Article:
For Rand her main examples were the obvious and extreme suffering caused by the completely planned societies of twentieth century communism. But it's important to also note that Rand hated religion. She had to. For a person who believed that individual liberty was the ultimate good there was no way to countenance that with religion which has historically been the main way society has restrained individual desires for the common good. (In the future I'm thinking about an essay on how this strange bedfellows ideological alliance occurred. Off the top of my head it seems that if you substitute “God” for “invisible hand” everything still works nicely. Christians want to “give it up to Jesus” and conservatives want to “give it up to the market”. They share the idea that people can only fuck it up in the long run.)

OK for those of you still with me...THANKS! No more dry philosophical back story I promise.

It simply cannot be credibly argued that the last 40 years have been anything other than conservative political thought completely taking over the national direction. IF you'd like to make that argument in the comments feel free but I absolutely promise you will lose. And convincingly, so unless you're coming packing with heavy arguments please don't bother.

Now you'll often hear conservatives lamenting “kids today” and the “Me generation”. But here we get to the crux of my argument. The “Me generation” that conservatives hate so much is a direct outcome of their own ideology. Conservative philosophy is all about individual liberty. When you have a philosophy that argues individual liberty not be restrained by any outside force and that ultimately you are responsible only for yourself what other possible outcome can be expected?

Now lets get to the current police confrontations. Pure individual liberty is a tough sell. There are obvious arguments against it. The benefits are abstract. While the argument against is visceral.

There is a family living in a car. Here is a mother dying of cancer because she can't afford health insurance.

In order to sell this ideology some PR massaging was needed. And that PR massaging took the form of “Anyone can do anything! You are only constrained by the limits of your imagination and talents. That's the promise of America and the basis of the American dream!”

I gotta admit, I love the libertarian message in a
Soviet Realism style piece.  Clever!

This was of course an absurd over simplification. People's potential is constrained by a myriad of factors outside their control. There are figurative mountains of data strongly correlating the wealth of parents directly with the wealth of their offspring.

But the needed narrative to allow their philosophy to take over was that anyone can do anything and no body is innately more privileged than another. There are benefits to this ideology (slavery becomes untenable for instance) and there are draw backs.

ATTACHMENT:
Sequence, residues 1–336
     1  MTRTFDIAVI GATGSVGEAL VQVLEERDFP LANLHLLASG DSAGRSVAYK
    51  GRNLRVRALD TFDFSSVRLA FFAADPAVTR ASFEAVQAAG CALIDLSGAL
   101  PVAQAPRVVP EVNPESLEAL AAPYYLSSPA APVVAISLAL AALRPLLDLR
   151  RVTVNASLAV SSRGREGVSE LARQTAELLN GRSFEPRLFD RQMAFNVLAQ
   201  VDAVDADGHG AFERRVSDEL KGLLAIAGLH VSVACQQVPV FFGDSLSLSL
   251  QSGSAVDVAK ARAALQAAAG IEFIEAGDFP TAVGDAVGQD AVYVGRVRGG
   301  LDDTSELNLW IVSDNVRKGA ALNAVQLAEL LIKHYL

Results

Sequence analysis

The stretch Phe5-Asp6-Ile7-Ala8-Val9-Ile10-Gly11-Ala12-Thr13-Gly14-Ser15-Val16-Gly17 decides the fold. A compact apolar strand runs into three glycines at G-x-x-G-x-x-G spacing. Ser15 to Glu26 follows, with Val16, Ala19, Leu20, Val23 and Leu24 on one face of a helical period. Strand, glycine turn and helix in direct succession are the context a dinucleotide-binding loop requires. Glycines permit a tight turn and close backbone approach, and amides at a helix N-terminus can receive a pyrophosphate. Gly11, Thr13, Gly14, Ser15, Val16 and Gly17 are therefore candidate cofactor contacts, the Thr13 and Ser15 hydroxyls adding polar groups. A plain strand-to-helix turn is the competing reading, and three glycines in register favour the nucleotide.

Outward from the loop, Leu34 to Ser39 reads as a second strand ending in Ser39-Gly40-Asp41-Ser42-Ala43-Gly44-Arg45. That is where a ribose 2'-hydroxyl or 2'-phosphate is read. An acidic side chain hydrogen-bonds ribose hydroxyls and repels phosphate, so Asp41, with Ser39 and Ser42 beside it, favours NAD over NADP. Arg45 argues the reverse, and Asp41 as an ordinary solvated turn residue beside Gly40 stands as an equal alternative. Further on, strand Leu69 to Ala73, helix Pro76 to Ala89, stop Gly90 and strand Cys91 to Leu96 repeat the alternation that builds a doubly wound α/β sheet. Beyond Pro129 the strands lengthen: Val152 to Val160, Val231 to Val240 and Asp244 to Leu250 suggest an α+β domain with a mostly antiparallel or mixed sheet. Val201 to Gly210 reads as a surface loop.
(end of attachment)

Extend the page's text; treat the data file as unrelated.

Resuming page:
One of the draw backs is that it leads to a corrosion of the sense of responsibility to your fellow man. If bankers don't need to be constrained by law because personal liberty is the greatest good then why would I feel constrained to follow laws I don't agree with?
Liberalism would argue that although certain laws don't help you at all (in fact may hinder you) you have a responsibility to obey for the greater good of society. Conservatism argues that the your greater good IS the greater good of society.

And so a slow erosion in the belief of societal good over individual desire occurs. Suddenly policing isn't a needed constraint upon the liberties of man it's a nuisance and a hindrance to my personal liberty.

And conservatism has spent forty years literally mocking the notion of the “nanny state” and praising individual liberty as the new religion. All of their rhetoric revolves around removing constraints from people. Unleashing innovation through allowing people to do what they desire.

So in the end you end up with a generation of people steeped in the notion that no one is inherently more privileged than another, that individual desires should not be constrained by the state, that less regulation always leads to better outcomes and fed the idea that they themselves can do whatever they want to do provided they try hard enough. It was impossible for this to not lead to less respect for authority.

The seduction of this philosophy is easy to understand. I myself loathe artificial authority. It's one of the few ideals of conservatism that genuinely appeals to me. But then, I'm also aware enough to understand that my own desires are not always rational.

Reagan was the absolute master of the seemingly profound banality.
  This has since been copied by every politician alive.

Conservatives, in an effort to push their agenda, have been on a 40 year campaign to point out every single way that large regulatory institutions fail and cause misery. They've been responsible for a tone that tears down artificial respect for authority. The way they've spoken to and about Democratic presidents is a perfect example. Conservatism is simply incompatible with the idea of “respect for authority”. One of the rallying cries for modern conservatism is Ronald Reagan’s famous line, “Government is not the solution to our problems, government is the problem.” Substitute police for government and you end up where we are.

And that concludes parto uno.
Next time we'll examine policing methods and falling crime rates over the last 40 years and further explore the handbasket.